Vaginal swabs were used to obtain samplings from the lateral vaginal wall and they were immediately taken to the laboratory room. The vaginal swabs were removed from the transport medium and then used to inoculate the Mann Rogasa Sharpe media (MRS; Difico, Detroit, MI). The plates were incubated at 37℃ in 7% CO2 for 48 hours and then they were tested for the production of H2O2 via a qualitative assay on a tetrame-thylbenzine (TMB) agar plate. The lactobacilli were presumptively identified by their ability to grow well on MRS. After 48 hours of incubation in an anaerobic glove box at 37℃, the agar plates were exposed the ambient air. The H2O2 that was formed then reacted with the horseradish peroxidase in the agar to oxidize the TMB, causing the colonies of hydrogen peroxide producing lactobacilli to turn blue and so these samples were classified as positive (Fig. 1) (4).

2) Hybrid Capture II test

The sample was collected by placing a cytobrush into the exocervix and rotating the brush three times; this was kept frozen at -20℃ in a collection tube (Digene) until needed. The samples of the mixed high risk HPV denatured single-strand DNA were hybridized with RNA probe cocktail. This reaction mixture was placed in a microtiter well that was coated with antibodies for the RNA/DNA hybrid. After this RNA/DNA hybrid-antibody bonding, the mixture was reacted with alkaline phosphatase-conjugated antibodies and then washed, and lumi-Phospho 530 was added to react with the dioxetane-based chemiluminuscent substrate. Alkaline phosphatase was then added to produce luminescent light that was measured with a luminometer (DML 2000™, Digene); the value of the light was expressed in relative light units. A solution containing 1 pg/ml of the HPV 16 DNA was used as the positive control group for the high-risk HPV group. The relative light units for all the samples were set to the degree of relative brightness as compared to the positive control group. This ratio was considered positive when it was ≥1.0 and negative when it was <1.0. The presence of the 13 types of high-risk HPV groups (16, 18, 31, 33, 35, 39, 45, 51, 52, 56, 58, 59 and 68) was confirmed in all the samples.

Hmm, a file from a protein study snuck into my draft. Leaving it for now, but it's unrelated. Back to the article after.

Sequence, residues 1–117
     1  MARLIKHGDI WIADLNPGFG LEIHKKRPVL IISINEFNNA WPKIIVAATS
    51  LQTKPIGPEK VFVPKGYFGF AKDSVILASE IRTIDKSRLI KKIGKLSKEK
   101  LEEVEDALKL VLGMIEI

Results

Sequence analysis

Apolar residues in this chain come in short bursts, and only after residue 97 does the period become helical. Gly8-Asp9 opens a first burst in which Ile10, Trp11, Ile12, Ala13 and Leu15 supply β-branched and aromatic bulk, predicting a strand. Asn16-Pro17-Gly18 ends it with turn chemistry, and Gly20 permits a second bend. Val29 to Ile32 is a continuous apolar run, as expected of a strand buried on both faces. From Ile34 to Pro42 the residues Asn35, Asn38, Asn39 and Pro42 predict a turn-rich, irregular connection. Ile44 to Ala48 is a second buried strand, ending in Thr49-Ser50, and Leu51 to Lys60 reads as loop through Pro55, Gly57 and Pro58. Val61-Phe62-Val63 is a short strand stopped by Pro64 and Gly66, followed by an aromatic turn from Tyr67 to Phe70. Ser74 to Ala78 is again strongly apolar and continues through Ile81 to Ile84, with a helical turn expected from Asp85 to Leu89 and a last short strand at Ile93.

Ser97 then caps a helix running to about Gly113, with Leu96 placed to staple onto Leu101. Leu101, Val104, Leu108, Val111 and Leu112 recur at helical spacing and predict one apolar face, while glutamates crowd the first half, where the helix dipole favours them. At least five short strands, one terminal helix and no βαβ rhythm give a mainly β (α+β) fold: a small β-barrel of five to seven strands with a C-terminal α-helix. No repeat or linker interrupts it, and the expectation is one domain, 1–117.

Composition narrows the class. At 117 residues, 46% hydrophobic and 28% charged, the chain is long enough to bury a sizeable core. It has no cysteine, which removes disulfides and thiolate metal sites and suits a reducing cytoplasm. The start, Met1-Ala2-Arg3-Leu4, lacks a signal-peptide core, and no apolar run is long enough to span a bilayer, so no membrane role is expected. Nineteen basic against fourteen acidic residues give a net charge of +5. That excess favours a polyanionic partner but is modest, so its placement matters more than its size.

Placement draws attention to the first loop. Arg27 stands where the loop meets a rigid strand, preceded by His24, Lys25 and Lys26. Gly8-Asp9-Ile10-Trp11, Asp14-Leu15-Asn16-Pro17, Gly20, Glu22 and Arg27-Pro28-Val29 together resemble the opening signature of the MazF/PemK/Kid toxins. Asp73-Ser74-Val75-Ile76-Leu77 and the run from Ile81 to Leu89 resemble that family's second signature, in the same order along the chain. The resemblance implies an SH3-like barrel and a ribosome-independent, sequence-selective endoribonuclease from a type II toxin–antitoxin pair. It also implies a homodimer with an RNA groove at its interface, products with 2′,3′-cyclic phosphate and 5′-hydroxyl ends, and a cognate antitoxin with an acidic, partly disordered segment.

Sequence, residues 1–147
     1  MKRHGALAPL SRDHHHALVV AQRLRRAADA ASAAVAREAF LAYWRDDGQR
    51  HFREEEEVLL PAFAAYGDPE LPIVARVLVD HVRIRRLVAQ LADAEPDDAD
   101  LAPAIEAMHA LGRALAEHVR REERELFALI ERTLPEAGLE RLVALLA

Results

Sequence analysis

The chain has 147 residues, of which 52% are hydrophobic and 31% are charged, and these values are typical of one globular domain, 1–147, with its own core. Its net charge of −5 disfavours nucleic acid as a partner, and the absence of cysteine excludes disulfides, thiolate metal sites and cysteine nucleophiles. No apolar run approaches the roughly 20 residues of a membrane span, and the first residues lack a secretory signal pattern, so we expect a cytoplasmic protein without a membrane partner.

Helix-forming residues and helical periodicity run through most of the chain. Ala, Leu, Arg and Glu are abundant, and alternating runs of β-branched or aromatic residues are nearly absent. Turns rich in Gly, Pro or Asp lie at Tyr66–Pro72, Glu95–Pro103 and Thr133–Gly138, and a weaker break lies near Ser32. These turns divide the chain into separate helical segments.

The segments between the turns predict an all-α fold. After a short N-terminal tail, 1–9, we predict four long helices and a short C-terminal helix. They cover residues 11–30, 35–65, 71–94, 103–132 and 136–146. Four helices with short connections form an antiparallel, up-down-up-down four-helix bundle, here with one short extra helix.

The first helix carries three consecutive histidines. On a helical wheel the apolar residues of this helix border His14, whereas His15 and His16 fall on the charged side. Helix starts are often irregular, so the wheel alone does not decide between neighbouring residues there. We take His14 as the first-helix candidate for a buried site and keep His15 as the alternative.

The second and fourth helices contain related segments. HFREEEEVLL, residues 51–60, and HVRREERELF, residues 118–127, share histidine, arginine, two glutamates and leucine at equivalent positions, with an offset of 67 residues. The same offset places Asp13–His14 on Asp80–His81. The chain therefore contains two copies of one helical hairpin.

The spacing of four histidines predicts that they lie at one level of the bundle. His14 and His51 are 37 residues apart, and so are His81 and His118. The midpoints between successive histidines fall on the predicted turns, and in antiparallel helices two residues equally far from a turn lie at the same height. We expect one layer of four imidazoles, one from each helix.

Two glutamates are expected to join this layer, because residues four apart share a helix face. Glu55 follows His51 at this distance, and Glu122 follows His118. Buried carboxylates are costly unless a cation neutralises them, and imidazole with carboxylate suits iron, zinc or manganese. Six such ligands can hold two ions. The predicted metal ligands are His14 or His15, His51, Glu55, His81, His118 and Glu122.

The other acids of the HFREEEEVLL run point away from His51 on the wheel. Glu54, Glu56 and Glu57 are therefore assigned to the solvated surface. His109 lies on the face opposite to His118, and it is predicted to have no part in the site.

RESULTS

In all the 880 non-pregnant women, both a qualitative assay of H2O2 producing lactobacilli and the cervical histology were performed. As shown in Table 1, there was no significant difference between the distribution of H2O2 producing lactobacilli and the cervical histology. In 150 women without regard to their pregnancy status, both the qualitative assay of H2O2 producing lactobacilli and the HC-II test were performed. As shown in Table 2, there was no significant difference between the distribution of H2O2 producing lactobacilli and the positivity for high-risk HPV.

DISCUSSION

In the normal vaginal microbial flora found in women of reproductive age, lactobacilli have been shown to be the predominant bacteria; these lactobacteria are gram positive, non-motile rod-like bacteria that are characterized by the ability to grow in acid media, tolerate acid conditions and ferment carbohydrates to produce lactic acid (5~7). More recently, molecular methods have demonstrated Lactobacilli crispatus and L jensenii to be the most common isolates (8).